When they arrived in this “safer” area surrounding Goma, which has only seen peace since December in the last 17 years, they found themselves in this Refugee Camp where we met them. Mugunga is the largest of six refugee camps surrounding Goma, with 20,000 living in it. Mugunga is not an easy place to live by any stretch, with there being very little food, a very rough terrain to build on (volcanic rock), extremely limited access to medical care and education, and a constant fear of rebels coming again. But here 20,000 people lived in these conditions.
While hope was present in this pastor, it felt like it was “just” holding on. He was the strength to his family and his six children, but he seemed weary and tired, and that he did not know what to do next. His family did not have enough food and he had no way of providing for them. We asked him why he couldn’t return to his village. He said that the rebels had moved onto his ancestral land and if they returned they would kill him.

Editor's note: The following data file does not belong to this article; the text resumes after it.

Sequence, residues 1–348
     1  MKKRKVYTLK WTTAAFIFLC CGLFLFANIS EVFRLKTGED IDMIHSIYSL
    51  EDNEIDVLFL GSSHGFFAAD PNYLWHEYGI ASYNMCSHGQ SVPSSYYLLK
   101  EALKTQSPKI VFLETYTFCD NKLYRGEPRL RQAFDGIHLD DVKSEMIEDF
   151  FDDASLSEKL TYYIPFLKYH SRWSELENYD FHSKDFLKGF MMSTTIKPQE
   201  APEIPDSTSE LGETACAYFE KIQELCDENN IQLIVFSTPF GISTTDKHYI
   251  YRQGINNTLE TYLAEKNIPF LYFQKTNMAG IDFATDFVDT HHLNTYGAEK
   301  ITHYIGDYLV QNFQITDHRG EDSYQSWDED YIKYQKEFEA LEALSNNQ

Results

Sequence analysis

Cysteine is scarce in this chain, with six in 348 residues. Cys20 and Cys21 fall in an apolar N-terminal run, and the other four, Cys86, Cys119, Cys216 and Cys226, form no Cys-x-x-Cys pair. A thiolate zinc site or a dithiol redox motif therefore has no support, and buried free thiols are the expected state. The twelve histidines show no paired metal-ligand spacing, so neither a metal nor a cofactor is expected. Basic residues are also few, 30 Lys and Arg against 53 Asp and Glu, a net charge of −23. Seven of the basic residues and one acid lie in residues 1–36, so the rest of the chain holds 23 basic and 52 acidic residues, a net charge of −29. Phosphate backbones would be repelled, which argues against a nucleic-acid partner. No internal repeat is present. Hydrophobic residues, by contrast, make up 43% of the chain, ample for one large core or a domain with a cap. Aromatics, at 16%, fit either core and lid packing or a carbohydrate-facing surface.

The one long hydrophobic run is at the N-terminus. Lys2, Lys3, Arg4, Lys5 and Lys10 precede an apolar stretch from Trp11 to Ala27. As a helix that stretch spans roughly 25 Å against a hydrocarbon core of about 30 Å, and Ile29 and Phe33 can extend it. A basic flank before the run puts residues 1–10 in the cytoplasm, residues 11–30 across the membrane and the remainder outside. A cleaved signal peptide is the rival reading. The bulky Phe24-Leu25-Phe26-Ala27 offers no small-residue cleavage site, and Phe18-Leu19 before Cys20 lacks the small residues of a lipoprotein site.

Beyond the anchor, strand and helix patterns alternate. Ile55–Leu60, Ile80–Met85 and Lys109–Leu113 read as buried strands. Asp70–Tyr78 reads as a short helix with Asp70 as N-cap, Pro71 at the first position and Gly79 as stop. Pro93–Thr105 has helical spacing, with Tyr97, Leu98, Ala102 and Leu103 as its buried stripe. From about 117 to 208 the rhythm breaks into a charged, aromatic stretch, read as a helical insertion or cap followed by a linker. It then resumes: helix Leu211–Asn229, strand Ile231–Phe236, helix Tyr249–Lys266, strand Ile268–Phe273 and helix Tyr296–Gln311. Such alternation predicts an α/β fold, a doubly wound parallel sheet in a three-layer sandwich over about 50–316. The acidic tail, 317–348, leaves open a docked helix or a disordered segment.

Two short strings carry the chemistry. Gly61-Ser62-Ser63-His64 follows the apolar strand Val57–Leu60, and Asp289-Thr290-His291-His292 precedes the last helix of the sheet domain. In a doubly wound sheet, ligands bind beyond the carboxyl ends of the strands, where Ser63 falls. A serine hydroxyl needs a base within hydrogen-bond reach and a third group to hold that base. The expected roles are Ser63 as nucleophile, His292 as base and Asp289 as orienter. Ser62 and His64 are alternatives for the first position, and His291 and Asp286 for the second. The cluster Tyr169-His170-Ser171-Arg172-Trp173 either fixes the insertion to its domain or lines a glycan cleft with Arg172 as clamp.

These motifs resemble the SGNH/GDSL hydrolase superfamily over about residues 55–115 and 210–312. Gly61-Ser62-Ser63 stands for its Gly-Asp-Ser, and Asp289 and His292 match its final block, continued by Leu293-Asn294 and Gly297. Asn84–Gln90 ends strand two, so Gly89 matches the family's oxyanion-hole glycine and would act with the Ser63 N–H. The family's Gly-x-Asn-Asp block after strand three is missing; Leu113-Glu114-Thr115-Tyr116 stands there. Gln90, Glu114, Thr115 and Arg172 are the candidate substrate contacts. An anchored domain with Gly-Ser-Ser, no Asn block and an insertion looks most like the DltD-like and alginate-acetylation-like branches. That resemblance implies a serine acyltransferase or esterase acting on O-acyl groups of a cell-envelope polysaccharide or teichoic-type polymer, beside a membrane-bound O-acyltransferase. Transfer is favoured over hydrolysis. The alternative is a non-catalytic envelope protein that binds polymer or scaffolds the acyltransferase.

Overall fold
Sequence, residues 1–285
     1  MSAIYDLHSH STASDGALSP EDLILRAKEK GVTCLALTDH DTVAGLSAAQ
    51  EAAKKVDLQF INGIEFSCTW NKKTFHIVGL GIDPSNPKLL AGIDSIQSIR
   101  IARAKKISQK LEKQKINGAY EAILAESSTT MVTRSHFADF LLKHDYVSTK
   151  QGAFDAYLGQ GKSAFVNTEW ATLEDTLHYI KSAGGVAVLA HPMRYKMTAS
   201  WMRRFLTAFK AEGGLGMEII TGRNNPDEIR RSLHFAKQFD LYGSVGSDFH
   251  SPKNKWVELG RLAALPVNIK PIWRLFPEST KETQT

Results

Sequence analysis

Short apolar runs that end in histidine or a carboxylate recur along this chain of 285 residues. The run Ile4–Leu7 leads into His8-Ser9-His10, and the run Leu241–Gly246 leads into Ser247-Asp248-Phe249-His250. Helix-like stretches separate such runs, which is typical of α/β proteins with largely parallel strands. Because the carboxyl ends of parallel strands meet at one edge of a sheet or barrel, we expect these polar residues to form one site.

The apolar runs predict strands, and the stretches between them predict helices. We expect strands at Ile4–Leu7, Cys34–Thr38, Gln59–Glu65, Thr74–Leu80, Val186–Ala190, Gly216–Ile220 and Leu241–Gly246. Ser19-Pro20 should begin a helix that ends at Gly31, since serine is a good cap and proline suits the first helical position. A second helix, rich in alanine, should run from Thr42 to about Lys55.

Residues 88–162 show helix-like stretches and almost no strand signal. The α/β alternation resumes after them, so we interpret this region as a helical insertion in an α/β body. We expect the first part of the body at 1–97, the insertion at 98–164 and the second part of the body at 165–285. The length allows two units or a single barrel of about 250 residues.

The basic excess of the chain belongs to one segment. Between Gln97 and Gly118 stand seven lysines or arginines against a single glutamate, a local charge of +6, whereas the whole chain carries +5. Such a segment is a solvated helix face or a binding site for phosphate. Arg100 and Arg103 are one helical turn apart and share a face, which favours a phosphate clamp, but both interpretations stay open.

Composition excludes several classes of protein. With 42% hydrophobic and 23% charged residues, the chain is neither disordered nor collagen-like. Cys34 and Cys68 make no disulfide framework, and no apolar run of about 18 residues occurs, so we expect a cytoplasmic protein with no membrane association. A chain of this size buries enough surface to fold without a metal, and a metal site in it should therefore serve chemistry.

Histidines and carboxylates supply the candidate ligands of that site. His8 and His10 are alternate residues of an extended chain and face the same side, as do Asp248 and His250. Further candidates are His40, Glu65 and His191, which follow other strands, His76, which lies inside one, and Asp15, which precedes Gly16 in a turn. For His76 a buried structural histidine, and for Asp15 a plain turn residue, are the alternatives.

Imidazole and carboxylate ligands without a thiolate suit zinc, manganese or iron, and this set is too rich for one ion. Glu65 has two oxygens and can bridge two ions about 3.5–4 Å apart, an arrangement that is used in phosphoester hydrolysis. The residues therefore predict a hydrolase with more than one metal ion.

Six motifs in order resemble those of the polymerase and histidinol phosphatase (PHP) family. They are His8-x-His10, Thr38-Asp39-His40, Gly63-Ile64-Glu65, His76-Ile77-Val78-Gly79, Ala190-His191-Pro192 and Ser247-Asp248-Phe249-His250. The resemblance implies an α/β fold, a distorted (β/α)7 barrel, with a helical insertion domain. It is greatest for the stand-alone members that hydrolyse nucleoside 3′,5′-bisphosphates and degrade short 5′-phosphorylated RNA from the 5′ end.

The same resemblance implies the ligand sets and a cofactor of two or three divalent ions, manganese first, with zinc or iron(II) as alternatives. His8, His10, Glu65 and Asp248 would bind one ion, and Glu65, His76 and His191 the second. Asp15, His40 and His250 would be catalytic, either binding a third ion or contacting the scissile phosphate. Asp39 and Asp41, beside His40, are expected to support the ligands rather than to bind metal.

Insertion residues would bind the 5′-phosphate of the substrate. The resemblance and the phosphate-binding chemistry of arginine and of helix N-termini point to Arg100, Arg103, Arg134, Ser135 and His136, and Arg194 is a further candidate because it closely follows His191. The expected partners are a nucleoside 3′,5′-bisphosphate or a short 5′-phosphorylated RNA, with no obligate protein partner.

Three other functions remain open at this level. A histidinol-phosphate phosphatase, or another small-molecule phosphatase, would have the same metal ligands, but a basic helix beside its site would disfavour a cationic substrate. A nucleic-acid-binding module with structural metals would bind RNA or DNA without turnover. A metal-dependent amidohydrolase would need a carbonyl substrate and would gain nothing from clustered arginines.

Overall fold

It is hard to know what the “answer” is in a story like this. The rebels and fighting made this family leave there home. The government places them in a large refugee camp, where there is not enough food or jobs. The International NGO’s are not helping as much as they can with providing basic services like education. The problem is difficult and complex. You listen to there story, and it feels very easy to doubt the goodness and faithfulness of God. But in fact, that is the only hope that is present in Mugunga, and is far more present than you think. Jesus’ hope is the only thing powerful enough to shine in a place like this. I found the more I was in Mugunga, the more I saw hope and beauty. God hears every cry, and even in a place like Mugunga he sees and hears. That is the justice of God.
I just found out last week that the government has shut down this refugee camp, forcing the refugees that met either back to there home villages or to other refugee camps. The sad part about this is that the problem that caused there to be so many refugee’s in Eastern Congo has only been partly fixed. This pastor and his family can’t go home, because rebels have taken over there land and are living in there house. Who knows where this pastor and his family are now. What a glimpse into the life of a Refugee Pastor in the DRC.